A fifth excerpt from the recently released book published by Island Press called Urban Green: Innovative Parks for Resurgent Cities. In this post, we look at some cities who have created parkland by covering their reservoirs.
Open drinking water reservoirs have been often-beloved icons in the United States for well over a century. Highland Park Reservoir (1879), McMillan Reservoir (1903), and Silver Lake Reservoir (1907), among others, were the places to promenade, picnic, see, and be seen in Pittsburgh, Washington, D.C., and Los Angeles, respectively.
Some, like Baltimore’s Druid Hill Park Reservoir, were located within larger park spaces; others, like Compton Hill Reservoir in St. Louis, essentially filled the entire space of their own park-like setting. It was recognized that none of them was entirely hygienic. They were fenced but, after all, at the mercy of general city dust and grime, not to mention bird droppings. But, like Ivory soap in the old commercial, 99.44 percent pure was considered good enough.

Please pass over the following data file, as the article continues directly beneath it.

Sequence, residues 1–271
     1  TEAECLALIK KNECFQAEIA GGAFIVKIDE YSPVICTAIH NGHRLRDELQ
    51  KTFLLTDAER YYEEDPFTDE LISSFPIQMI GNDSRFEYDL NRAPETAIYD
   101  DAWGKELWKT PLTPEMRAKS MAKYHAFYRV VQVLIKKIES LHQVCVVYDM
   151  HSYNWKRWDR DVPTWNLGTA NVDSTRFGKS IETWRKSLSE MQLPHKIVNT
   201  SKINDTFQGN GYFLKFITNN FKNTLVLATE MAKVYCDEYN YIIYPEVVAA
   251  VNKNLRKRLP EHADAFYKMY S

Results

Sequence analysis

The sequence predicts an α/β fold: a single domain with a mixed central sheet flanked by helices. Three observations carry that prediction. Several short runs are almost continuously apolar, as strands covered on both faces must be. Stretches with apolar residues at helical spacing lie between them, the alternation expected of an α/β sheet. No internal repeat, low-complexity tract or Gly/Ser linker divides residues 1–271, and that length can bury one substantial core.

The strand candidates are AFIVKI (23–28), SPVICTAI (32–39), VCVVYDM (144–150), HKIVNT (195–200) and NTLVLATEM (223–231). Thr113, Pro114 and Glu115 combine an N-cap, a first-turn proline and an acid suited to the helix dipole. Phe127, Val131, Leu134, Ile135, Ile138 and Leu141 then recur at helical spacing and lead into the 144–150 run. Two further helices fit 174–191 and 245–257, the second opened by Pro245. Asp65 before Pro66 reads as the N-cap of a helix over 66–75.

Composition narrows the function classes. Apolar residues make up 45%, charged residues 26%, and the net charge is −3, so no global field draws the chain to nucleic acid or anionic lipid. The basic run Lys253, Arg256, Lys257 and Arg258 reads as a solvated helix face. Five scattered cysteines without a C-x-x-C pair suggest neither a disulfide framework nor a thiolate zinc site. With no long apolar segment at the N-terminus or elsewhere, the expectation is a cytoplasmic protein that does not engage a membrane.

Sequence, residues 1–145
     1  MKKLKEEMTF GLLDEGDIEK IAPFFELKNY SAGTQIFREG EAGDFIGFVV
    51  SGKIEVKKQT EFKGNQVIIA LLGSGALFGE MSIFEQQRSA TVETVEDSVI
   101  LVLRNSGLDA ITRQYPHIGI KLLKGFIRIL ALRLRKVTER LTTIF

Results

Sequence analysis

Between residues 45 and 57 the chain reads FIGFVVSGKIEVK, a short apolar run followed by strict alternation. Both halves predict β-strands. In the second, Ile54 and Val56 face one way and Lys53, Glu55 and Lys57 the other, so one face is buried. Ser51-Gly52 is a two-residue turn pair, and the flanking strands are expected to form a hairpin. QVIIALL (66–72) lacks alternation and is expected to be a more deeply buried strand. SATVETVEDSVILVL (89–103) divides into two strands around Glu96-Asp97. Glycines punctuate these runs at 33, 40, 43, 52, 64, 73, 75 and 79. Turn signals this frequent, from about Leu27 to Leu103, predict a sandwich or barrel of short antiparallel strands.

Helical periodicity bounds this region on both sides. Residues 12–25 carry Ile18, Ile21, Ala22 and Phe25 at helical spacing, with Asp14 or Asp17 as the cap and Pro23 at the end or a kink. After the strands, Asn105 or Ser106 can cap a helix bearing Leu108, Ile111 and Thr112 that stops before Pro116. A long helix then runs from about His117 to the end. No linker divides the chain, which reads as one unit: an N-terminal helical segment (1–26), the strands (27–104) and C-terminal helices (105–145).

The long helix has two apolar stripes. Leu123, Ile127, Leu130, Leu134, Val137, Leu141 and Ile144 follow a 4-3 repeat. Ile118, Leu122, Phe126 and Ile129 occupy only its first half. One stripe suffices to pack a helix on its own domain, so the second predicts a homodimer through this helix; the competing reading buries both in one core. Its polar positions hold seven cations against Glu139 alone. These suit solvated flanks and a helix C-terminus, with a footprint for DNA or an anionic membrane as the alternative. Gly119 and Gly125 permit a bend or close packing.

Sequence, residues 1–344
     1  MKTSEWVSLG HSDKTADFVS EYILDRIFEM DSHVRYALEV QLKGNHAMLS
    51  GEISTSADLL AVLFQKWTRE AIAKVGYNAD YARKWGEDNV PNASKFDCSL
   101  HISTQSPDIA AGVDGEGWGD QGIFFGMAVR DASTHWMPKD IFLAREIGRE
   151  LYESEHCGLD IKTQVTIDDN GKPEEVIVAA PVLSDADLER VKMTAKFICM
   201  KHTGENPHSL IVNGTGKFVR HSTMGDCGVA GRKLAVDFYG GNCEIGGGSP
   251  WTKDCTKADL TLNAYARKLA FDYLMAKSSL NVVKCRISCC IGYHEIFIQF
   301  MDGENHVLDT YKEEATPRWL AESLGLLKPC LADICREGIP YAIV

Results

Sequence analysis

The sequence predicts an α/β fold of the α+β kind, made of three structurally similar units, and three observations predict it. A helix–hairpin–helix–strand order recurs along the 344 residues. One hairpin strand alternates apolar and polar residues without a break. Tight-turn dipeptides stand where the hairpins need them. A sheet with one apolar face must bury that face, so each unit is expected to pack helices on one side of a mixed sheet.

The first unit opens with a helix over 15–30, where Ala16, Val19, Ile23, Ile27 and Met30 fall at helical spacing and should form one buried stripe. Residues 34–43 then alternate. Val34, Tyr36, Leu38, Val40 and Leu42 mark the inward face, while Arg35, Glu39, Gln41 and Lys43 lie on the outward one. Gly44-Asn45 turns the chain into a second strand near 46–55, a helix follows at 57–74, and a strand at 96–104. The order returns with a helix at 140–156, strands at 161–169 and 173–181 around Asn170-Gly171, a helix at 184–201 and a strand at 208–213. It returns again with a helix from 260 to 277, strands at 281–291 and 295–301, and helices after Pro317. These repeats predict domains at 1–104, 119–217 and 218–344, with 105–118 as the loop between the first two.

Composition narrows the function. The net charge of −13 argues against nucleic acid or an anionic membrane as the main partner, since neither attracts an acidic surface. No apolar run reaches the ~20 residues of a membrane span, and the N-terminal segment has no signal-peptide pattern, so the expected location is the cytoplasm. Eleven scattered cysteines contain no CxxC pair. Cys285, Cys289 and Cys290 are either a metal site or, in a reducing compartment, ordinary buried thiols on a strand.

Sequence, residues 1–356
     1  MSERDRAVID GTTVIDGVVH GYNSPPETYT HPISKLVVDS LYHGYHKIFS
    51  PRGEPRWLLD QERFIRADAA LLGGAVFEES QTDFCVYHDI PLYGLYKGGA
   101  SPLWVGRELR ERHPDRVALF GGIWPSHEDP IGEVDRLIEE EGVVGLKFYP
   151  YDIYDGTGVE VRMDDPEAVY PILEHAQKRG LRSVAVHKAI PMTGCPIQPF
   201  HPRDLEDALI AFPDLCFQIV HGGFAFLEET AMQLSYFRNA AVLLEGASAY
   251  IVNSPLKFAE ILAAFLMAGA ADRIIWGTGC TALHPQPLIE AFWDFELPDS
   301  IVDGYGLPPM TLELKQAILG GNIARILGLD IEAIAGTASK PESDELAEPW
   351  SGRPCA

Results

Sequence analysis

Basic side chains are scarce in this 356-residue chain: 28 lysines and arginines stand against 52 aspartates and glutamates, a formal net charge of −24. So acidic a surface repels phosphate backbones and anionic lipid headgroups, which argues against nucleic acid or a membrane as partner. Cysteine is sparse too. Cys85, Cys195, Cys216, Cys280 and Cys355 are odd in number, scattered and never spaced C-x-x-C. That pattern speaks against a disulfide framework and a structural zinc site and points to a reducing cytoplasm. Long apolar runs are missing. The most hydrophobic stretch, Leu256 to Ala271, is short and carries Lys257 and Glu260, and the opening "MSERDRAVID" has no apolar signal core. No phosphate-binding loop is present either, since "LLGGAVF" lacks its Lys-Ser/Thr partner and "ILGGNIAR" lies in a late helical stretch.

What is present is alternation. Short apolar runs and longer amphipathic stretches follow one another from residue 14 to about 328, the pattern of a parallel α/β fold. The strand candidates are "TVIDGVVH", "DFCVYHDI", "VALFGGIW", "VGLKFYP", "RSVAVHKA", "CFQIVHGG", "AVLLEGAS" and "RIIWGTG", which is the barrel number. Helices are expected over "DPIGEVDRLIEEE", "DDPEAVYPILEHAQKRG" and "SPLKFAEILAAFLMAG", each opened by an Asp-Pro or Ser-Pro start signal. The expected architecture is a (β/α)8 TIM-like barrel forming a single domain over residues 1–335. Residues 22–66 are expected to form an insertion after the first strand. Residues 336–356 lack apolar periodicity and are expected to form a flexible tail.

There are also numerous reservoirs that are not fenced. These reservoirs contain what is called “raw” water that is relatively clean but not yet “finished” for human consumption. At Griggs Reservoir Park in Columbus, Ohio, or White Rock Lake Park in Dallas visitors can go right to the water’s edge and dip their toes in, if they wish, or even go boating.
Then in 1993 came a highly publicized outbreak of Cryptosporidium bacteria in the Milwaukee water supply, and, soon after, heightened concerns about terrorism. Attention to public health was raised a notch. In December, 2005, after years of deliberation, the U.S. Environmental Protection Agency published something called the Long Term 2 Enhanced Surface Water Treatment Rule (LT2) that mandated that all newly constructed “finished water” reservoirs be built with a cover. (Finished water is clean enough for delivery to homes; raw water still needs treatment before it’s drinkable.) As for already existing finished water reservoirs, EPA gave municipalities the choice of covering them or leaving them as-is and then re-treating the water to finish it.